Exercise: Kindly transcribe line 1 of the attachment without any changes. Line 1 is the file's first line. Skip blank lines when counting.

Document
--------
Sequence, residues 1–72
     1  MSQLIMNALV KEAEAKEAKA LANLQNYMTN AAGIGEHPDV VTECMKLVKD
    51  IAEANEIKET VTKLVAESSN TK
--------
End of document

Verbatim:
Sequence, residues 1–72